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Exp Neurol. 2015 Apr;266:99-111. doi: 10.1016/j.expneurol.2015.02.022. Epub 2015 Feb 25.

Dimethyl fumarate attenuates cerebral edema formation by protecting the blood-brain barrier integrity.

Author information

1
Institute of Physiology and Pathophysiology, University of Heidelberg, Heidelberg, Germany. Electronic address: reiner.kunze@physiologie.uni-heidelberg.de.
2
Institute of Physiology and Pathophysiology, University of Heidelberg, Heidelberg, Germany.
3
Department of Neuroradiology, Heidelberg University Hospital, Heidelberg, Germany.

Abstract

Brain edema is a hallmark of various neuropathologies, but the underlying mechanisms are poorly understood. We aim to characterize how tissue hypoxia, together with oxidative stress and inflammation, leads to capillary dysfunction and breakdown of the blood-brain barrier (BBB). In a mouse stroke model we show that systemic treatment with dimethyl fumarate (DMF), an antioxidant drug clinically used for psoriasis and multiple sclerosis, significantly prevented edema formation in vivo. Indeed, DMF stabilized the BBB by preventing disruption of interendothelial tight junctions and gap formation, and decreased matrix metalloproteinase activity in brain tissue. In vitro, DMF directly sustained endothelial tight junctions, inhibited inflammatory cytokine expression, and attenuated leukocyte transmigration. We also demonstrate that these effects are mediated via activation of the redox sensitive transcription factor NF-E2 related factor 2 (Nrf2). DMF activated the Nrf2 pathway as shown by up-regulation of several Nrf2 target genes in the brain in vivo, as well as in cerebral endothelial cells and astrocytes in vitro, where DMF also increased protein abundance of nuclear Nrf2. Finally, Nrf2 knockdown in endothelial cells aggravated subcellular delocalization of tight junction proteins during ischemic conditions, and attenuated the protective effect exerted by DMF. Overall, our data suggest that DMF protects from cerebral edema formation during ischemic stroke by targeting interendothelial junctions in an Nrf2-dependent manner, and provide the basis for a completely new approach to treat brain edema.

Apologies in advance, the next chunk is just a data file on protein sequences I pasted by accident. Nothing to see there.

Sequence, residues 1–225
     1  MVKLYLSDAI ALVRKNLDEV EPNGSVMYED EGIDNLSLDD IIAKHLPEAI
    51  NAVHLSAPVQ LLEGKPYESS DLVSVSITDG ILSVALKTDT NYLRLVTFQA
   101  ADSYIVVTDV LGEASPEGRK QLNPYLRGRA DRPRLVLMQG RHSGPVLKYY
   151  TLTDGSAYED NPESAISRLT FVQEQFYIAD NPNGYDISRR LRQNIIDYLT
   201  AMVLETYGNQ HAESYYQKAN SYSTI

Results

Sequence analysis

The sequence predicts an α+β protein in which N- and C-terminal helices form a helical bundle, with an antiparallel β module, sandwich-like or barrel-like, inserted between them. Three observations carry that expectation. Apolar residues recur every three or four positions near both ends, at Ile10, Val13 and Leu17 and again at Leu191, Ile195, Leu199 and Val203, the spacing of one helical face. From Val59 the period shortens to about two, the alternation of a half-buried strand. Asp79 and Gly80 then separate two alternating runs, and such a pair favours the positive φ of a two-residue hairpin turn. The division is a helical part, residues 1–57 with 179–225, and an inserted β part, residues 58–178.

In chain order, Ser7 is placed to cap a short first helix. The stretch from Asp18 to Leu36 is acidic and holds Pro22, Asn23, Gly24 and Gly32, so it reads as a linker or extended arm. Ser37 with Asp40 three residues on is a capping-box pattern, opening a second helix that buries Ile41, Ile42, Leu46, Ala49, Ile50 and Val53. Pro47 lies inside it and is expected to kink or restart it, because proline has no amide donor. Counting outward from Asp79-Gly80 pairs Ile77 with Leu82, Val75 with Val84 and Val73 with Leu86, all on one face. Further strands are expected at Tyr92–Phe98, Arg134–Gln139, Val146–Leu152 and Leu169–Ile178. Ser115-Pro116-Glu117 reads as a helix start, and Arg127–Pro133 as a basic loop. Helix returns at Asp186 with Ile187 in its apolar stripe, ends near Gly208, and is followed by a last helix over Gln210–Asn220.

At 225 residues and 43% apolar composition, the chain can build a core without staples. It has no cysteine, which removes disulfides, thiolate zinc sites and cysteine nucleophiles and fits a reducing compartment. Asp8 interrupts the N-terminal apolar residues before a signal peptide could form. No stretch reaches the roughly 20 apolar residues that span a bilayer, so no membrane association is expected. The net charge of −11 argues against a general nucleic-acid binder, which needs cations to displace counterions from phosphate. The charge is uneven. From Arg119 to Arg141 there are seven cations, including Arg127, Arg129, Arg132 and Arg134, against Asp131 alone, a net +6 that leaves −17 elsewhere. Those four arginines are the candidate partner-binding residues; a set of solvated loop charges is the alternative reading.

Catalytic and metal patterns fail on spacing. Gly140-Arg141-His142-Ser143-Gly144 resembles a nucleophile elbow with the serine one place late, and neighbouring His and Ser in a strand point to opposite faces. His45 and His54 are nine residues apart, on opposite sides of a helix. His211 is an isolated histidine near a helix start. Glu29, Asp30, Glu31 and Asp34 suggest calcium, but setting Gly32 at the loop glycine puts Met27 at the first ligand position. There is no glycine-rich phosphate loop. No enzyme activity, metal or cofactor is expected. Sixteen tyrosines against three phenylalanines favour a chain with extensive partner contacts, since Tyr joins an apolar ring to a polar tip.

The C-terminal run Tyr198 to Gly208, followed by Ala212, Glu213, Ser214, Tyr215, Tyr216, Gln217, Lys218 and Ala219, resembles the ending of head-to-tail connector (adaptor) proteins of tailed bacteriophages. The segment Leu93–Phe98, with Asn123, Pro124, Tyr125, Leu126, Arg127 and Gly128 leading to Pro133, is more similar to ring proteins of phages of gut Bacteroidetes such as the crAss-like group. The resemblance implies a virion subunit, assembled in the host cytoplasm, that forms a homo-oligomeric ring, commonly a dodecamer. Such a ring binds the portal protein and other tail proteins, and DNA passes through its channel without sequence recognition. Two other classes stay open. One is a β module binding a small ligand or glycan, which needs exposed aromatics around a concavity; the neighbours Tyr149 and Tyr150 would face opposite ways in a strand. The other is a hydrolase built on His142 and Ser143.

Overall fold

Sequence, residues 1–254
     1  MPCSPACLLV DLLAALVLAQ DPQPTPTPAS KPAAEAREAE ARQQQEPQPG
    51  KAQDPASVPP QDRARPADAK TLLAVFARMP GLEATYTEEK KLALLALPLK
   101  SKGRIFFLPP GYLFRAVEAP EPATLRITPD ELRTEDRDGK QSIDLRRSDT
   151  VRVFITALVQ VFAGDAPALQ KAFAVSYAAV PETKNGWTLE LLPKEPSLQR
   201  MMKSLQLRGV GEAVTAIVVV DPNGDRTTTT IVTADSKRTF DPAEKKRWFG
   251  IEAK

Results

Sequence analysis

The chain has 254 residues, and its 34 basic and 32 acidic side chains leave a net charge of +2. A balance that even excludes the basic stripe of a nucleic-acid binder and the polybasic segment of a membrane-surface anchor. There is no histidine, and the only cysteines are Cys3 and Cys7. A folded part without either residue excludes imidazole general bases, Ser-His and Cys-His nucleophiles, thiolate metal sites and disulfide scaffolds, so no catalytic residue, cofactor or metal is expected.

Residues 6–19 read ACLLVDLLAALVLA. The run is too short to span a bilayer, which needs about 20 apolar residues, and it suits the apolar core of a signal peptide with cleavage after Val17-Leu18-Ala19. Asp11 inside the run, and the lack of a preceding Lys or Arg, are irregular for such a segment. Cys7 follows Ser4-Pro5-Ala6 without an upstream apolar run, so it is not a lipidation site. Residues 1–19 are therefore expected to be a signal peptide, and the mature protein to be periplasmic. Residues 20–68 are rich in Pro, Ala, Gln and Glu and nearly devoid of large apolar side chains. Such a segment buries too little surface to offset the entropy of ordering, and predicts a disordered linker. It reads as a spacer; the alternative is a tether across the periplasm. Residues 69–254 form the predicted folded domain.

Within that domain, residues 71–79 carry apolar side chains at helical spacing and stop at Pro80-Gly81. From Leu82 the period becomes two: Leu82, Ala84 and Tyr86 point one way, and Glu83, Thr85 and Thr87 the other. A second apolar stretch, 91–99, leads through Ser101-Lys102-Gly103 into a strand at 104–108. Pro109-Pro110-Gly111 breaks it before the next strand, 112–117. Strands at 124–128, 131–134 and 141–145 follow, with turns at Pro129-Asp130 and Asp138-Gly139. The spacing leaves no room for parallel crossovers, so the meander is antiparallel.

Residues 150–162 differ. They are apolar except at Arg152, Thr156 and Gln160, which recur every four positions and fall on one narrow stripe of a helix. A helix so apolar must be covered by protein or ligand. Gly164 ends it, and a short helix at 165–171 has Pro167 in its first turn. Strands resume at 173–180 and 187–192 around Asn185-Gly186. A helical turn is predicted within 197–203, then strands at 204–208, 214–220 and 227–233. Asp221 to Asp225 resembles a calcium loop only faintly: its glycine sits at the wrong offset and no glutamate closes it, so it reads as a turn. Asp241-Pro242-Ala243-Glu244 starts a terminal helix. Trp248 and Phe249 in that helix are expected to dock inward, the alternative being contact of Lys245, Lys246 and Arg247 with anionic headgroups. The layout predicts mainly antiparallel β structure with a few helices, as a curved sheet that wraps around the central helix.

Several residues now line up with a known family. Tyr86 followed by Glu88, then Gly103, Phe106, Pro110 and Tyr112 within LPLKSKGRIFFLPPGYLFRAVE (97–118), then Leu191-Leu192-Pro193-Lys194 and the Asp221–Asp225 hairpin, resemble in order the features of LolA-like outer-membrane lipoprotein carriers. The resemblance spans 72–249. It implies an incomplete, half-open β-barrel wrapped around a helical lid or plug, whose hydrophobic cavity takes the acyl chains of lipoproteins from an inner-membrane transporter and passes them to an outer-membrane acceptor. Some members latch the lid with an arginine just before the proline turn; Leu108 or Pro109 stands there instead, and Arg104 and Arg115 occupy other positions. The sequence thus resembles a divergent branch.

KEYWORDS:

Blood–brain barrier; Dimethyl fumarate; Edema; Ischemia; Nrf2; Stroke

PMID:
25725349
DOI:
10.1016/j.expneurol.2015.02.022
[Indexed for MEDLINE]

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